Situating Sino-African agricultural demonstrations in the global food order: Case studies from Rwanda and Uganda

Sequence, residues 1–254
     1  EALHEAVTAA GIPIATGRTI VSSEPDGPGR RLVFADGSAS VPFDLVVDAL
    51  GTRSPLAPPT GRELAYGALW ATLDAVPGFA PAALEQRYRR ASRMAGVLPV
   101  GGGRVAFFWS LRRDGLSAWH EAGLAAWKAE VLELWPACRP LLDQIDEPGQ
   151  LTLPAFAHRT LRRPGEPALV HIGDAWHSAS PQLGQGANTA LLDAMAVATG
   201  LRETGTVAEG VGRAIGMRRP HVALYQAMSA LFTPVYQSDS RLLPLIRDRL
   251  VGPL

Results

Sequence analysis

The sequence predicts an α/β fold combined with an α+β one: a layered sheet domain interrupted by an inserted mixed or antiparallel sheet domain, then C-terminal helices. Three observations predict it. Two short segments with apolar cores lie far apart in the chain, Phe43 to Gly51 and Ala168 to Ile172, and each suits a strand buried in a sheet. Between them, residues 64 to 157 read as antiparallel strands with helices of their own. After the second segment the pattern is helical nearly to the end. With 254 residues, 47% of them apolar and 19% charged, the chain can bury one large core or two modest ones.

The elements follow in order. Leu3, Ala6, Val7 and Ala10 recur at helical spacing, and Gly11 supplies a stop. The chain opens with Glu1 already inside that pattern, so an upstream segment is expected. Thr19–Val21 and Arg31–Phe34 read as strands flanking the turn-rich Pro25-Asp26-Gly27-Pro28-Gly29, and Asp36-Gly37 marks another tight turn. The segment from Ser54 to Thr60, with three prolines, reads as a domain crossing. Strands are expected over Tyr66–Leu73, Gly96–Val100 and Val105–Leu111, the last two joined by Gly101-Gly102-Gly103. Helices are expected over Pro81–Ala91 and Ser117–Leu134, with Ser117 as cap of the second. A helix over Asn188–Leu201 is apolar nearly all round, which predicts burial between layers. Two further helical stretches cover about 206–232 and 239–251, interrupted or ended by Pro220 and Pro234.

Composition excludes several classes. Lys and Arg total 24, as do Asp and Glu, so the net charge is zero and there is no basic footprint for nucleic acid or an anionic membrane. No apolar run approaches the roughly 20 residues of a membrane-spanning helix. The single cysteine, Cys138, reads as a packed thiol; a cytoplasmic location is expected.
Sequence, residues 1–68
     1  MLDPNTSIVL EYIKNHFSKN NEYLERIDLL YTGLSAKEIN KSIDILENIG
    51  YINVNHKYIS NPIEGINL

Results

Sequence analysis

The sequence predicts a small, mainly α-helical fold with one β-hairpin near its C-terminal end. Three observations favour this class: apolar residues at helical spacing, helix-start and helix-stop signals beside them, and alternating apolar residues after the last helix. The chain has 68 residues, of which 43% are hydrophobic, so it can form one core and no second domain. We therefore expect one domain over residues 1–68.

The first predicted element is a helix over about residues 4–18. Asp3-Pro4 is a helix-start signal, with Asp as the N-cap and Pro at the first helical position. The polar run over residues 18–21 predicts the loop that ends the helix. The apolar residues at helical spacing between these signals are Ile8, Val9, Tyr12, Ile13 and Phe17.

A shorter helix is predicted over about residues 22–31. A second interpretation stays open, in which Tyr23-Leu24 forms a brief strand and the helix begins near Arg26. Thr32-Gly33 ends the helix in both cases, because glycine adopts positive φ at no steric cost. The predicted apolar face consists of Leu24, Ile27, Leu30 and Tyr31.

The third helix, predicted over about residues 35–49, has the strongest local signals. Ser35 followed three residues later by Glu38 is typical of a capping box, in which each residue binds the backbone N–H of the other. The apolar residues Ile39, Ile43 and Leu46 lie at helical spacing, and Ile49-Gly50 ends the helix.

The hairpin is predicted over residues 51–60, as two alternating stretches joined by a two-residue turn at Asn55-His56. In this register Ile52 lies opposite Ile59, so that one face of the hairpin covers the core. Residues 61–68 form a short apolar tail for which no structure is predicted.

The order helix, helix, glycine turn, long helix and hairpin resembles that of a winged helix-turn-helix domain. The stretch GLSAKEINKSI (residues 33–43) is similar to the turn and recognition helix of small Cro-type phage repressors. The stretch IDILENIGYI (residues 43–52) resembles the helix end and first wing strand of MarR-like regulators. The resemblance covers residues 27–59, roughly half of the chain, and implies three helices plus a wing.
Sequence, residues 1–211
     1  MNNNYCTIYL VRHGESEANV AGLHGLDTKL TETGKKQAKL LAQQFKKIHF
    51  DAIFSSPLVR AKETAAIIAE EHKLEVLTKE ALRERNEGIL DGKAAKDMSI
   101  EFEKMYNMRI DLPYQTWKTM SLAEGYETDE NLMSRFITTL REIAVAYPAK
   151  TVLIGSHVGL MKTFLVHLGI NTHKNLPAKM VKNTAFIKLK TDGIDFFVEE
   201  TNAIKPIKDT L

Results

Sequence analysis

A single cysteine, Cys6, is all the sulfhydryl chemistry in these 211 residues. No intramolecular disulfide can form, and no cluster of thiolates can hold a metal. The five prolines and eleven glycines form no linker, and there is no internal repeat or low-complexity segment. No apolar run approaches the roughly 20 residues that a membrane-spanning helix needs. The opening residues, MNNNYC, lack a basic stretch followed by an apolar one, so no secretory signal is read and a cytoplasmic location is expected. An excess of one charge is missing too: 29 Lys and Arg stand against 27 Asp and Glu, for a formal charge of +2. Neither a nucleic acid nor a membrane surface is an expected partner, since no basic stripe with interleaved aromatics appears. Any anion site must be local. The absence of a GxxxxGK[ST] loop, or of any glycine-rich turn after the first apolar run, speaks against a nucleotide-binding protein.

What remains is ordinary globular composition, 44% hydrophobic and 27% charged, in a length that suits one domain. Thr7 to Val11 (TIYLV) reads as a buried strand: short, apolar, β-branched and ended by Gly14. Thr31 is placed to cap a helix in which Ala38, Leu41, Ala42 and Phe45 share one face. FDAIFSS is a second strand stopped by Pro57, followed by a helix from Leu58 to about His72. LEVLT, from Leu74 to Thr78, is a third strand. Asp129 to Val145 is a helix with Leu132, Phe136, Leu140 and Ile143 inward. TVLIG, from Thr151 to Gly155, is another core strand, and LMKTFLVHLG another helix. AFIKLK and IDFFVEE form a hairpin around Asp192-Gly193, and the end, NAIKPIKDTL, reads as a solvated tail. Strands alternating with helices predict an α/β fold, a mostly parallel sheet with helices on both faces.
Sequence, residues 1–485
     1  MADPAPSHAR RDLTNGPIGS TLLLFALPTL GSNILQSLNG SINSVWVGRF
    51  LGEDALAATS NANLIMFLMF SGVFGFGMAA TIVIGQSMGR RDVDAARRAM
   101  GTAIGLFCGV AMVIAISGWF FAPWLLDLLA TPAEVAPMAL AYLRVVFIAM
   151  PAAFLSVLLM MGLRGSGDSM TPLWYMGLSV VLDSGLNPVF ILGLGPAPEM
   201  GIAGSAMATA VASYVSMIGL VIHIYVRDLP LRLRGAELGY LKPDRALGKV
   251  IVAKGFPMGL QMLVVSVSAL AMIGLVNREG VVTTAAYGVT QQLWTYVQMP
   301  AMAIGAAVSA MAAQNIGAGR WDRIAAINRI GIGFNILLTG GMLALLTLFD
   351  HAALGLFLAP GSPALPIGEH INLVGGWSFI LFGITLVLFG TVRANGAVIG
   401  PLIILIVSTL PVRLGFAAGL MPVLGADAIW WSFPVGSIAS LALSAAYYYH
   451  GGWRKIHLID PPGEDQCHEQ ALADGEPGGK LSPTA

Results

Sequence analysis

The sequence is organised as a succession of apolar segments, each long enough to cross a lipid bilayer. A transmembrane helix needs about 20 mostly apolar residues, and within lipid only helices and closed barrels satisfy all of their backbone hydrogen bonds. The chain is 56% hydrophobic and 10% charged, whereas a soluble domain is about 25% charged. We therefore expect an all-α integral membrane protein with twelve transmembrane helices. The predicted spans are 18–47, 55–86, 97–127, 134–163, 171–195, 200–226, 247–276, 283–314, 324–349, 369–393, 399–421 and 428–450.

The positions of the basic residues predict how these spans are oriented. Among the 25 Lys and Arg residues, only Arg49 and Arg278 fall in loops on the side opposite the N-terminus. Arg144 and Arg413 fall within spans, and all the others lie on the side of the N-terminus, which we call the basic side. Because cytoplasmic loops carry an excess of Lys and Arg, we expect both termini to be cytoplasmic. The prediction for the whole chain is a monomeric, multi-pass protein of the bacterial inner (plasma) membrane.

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This thesis explores two Sino-African agricultural centres in Rwanda and Uganda that demonstrate Chinese agricultural technologies, and examines them as they relate to the changing global food order. When Sino-African agricultural engagement emerged as a topic of discussion in critical food studies literature in the mid-2000s, a number of scholars assumed the relationship was emblematic of a Chinese foray into Africa to grab land. However, since the first appearance of claims that the Chinese government and associated agricultural firms were orchestrating an agricultural venture in Africa, many Sino-African specialists focused their attention on countering these claims, instead arguing that China’s impact in rural Africa is quite modest, and the relation is in fact the continuation of a long history of engagement. Despite the active debate among scholars about Sino-African agricultural relations on the question of land grabbing, very little attention was paid to how disseminating Chinese agricultural technologies in Africa relates to the shifting dynamics of the global food landscape. Food studies literature tends to project the historic tendencies of Western opportunism in Africa onto contemporary dynamics of Sino-African affairs – leading to claims that China is neo-colonial and grabbing land. In countering these claims, Sino-African specialists orient their findings on a case-by-case basis, and argue that China’s presence in Africa is too small to make a considerable difference in Africa’s rural sector. The back and forth between these two narratives has ultimately been unproductive when trying to draw conclusions about the current relationship between China, Africa, and the politics of global food and agriculture. In this thesis, I aim to resituate the debate on Sino-African agricultural partnerships to consider it as part of the changing global food system. To do so, I ask a question that is seldom presented in existing literature: Why is it that African countries are keen to articulate with China in their own agricultural development? This seemingly simple question helps to bridge the gap between the opposing positions on Sino-African agricultural relations as it engages African countries on how they make decisions in determining their own agricultural trajectory. It also explores what it is that China offers in agricultural development from the perspective of those that it partners with. The study is based on two Sino-African agricultural technology demonstration centres that were born out of the Forum on China Africa Cooperation summit in 2006. In asking this question, I arrive at three main conclusions. First, I find that China’s agricultural technologies are relatively easy to adopt in the rural African setting, and that building partnerships with China offers a window of opportunity for African countries to determine their own developmental trajectory. Second, I find that the Sino-African agricultural development centres allow the Chinese companies that run them preferential access to local markets. Third, I find that the relationship is not without its problems, and its impact should not be inflated, as it ultimately remains a work in progress.